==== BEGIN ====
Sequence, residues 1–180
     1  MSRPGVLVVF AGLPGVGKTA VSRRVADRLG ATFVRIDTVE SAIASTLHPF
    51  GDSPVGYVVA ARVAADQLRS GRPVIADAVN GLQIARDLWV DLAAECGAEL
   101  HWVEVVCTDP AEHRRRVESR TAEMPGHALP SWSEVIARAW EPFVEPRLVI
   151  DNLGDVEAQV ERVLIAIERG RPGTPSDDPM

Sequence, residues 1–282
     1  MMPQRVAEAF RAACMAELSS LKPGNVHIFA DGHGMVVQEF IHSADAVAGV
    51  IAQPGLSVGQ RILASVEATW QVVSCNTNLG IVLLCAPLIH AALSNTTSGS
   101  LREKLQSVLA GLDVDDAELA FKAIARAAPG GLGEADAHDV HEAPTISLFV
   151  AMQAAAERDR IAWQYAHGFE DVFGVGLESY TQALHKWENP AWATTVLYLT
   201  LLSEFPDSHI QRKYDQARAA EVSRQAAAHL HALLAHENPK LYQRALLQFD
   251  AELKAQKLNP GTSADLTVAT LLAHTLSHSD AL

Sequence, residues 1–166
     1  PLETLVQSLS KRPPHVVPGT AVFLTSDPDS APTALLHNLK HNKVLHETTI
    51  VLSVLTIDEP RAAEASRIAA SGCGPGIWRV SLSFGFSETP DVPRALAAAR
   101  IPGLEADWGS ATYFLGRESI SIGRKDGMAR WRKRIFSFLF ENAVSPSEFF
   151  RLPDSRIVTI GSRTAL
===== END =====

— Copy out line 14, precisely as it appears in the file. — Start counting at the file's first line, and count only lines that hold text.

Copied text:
     1  PLETLVQSLS KRPPHVVPGT AVFLTSDPDS APTALLHNLK HNKVLHETTI